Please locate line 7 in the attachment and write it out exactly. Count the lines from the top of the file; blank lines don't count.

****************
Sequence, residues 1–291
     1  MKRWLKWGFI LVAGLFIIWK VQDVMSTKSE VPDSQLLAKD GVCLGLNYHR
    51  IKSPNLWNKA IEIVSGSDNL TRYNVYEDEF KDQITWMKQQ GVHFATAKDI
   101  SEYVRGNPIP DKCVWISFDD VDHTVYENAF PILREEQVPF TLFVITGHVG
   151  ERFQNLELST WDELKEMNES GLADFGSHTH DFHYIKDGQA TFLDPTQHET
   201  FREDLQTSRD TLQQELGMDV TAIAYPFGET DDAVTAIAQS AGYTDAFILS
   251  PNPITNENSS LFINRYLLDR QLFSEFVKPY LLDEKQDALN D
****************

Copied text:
   251  PNPITNENSS LFINRYLLDR QLFSEFVKPY LLDEKQDALN D